Station Name: BRADWELL

[Source: Nick Catford]


Date opened: 2.9.1867
Location: On the east side of Bradwell Road
Company on opening: Newport Pagnell Railway
Date closed to passengers: 7.9.1964
Date closed completely: 7.9.1964
Company on closing: British Railways (London Midland Region)
Present state: The platform is still extant although there have been some modifications when the trackbed was incorporated into the Redway cycle path
County: Buckinghamshire
OS Grid Ref: SP833413
Date of visit: January 1868, March 1976 & May 1980

Notes: In 1817 a branch of the Grand Junction Canal was cut from the main line at Great Linford to Newport Pagnell. The total length was one and a quarter miles rising through seven locks.

The first suggestion of building a railway line to Newport Pagnell came in 1845 but the venture failed to attract sufficient capital.

The Newport Pagnell Railway Act was passed in 1863 and the following year the Newport Railway Company bought the short branch canal with the intention of using the route for their new railway line into Newport Pagnell. The line did exactly follow the canal route which hugged the contours of the surrounding land. The intention was to continue the line on to the Market town of Olney and powers were granted for this extension in 1865 with a further extension to join the Northampton-Peterborough line at Wellingborough. The extensions beyond Newport Pagnell were never built with powers lapsing in 1871 although some work had been undertaken.

The line was complete by 30th September 1865 when the first locomotive traversed the line. The next year the railway opened for goods, cattle and parcel traffic and on 2nd September 1867, there was the ceremonial opening of the line for passengers.

There were two intermediate stations at Bradwell and Great Linford. The lines main regular passengers were employees of the Railway Works at Wolverton.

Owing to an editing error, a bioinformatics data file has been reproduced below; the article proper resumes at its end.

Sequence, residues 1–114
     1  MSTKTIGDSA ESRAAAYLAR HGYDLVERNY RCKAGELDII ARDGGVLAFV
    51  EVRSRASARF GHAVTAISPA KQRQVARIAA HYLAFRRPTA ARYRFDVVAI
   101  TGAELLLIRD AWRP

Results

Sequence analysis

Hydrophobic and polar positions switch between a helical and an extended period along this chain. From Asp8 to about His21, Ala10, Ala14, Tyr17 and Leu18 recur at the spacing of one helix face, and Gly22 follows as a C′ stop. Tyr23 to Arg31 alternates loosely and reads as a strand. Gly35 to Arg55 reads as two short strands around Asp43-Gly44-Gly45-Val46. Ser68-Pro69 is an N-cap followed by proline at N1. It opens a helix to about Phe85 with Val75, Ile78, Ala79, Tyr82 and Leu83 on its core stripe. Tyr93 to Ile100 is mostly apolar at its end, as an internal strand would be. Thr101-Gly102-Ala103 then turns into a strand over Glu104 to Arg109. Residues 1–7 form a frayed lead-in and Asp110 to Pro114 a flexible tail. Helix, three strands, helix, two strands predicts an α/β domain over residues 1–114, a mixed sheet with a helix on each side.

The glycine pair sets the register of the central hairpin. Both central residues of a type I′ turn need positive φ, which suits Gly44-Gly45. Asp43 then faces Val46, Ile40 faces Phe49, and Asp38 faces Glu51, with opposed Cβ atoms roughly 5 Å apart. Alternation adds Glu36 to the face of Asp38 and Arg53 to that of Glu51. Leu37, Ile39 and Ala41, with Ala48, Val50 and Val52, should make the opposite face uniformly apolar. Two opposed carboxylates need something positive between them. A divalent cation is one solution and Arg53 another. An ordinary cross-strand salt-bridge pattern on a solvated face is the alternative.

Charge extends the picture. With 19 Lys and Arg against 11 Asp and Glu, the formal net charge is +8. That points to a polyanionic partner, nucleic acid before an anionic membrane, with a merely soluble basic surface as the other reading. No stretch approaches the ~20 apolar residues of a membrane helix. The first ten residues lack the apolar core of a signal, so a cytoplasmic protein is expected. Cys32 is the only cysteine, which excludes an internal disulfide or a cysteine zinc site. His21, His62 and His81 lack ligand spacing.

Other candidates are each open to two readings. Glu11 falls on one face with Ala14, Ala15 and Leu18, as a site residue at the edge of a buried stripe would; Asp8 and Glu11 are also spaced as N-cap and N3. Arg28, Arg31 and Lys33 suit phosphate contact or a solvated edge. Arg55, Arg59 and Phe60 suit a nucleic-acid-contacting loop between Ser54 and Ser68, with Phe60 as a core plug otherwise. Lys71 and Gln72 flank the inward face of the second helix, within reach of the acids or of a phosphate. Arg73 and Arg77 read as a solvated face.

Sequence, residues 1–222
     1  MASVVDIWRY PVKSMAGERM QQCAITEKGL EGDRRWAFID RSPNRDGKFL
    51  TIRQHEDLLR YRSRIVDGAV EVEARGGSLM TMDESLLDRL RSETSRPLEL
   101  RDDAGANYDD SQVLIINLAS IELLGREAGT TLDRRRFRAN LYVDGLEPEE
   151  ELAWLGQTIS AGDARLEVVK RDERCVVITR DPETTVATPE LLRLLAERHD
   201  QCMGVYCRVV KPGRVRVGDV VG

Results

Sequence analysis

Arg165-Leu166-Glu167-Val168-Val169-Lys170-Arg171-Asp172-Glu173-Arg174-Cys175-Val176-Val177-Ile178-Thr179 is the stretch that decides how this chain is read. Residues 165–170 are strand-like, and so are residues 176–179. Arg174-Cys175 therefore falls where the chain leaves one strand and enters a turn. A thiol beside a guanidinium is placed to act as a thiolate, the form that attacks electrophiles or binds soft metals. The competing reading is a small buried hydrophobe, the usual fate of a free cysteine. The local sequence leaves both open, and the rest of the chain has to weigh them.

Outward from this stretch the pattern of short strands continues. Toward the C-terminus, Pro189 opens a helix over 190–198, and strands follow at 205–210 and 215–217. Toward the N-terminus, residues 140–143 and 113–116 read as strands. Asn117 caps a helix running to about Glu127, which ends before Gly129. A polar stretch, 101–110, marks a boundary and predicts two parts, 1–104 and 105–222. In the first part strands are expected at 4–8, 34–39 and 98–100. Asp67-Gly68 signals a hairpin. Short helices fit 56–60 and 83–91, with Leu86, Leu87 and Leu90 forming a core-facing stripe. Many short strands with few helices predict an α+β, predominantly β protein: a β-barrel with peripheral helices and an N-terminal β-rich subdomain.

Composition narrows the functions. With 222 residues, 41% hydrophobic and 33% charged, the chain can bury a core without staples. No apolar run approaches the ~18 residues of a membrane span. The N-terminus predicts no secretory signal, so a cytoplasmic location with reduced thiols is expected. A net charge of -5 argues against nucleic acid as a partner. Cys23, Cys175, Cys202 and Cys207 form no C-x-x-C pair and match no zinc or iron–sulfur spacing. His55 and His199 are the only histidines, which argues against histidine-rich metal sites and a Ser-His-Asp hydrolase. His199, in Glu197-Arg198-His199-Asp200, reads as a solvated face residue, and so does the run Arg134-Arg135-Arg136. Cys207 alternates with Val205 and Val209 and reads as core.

The line was complete by 30th September 1865 when the first locomotive traversed the line. The next year the railway opened for goods, cattle and parcel traffic and on 2nd September 1867, there was the ceremonial opening of the line for passengers. There were two intermediate stations at Bradwell and Great Linford. The lines main regular passengers were employees of the Railway Works at Wolverton.

In 1875 the line was taken over by the London & North Western Railway who had provided the service from the opening.

As with many rural lines the development of road transport gradually began to erode passenger numbers. The first motor bus service was in the country was introduced between Newport Pagnell and Olney in 1898 and the popularity of the motor car through the 20th century eventually spelled the end for the line.

The last passenger train ran on 7th September 1964. Goods traffic continued for three years until final closure on 22nd May 1967. The track was lifted later the same year.

The route is now part of the Milton Keynes 'Redway' cycle way network. The platforms at Great Linford and Bradwell survive but the only evidence in Newport Pagnell is the post of the starting signal, now at the beginning of the Redway between allotments.

With the expansion of Milton Keynes changing what was a rural area into well populated sprawl there have been suggestions in recent years that the line should be reinstated.

See also The Branch Line - Nobby Newport web site

To see the other stations on the Newport Pagnell branch line click on the station name: Great Linford & Newport Pagnell

 

Bradwell Station in January 1968
P
hoto by Nick Catford




Bradwell Station in 1910


Bradwell Station in May 1980
P
hoto by Nick Catford

1950

1976

1976

1976



 

 

 

[Source: Nick Catford]


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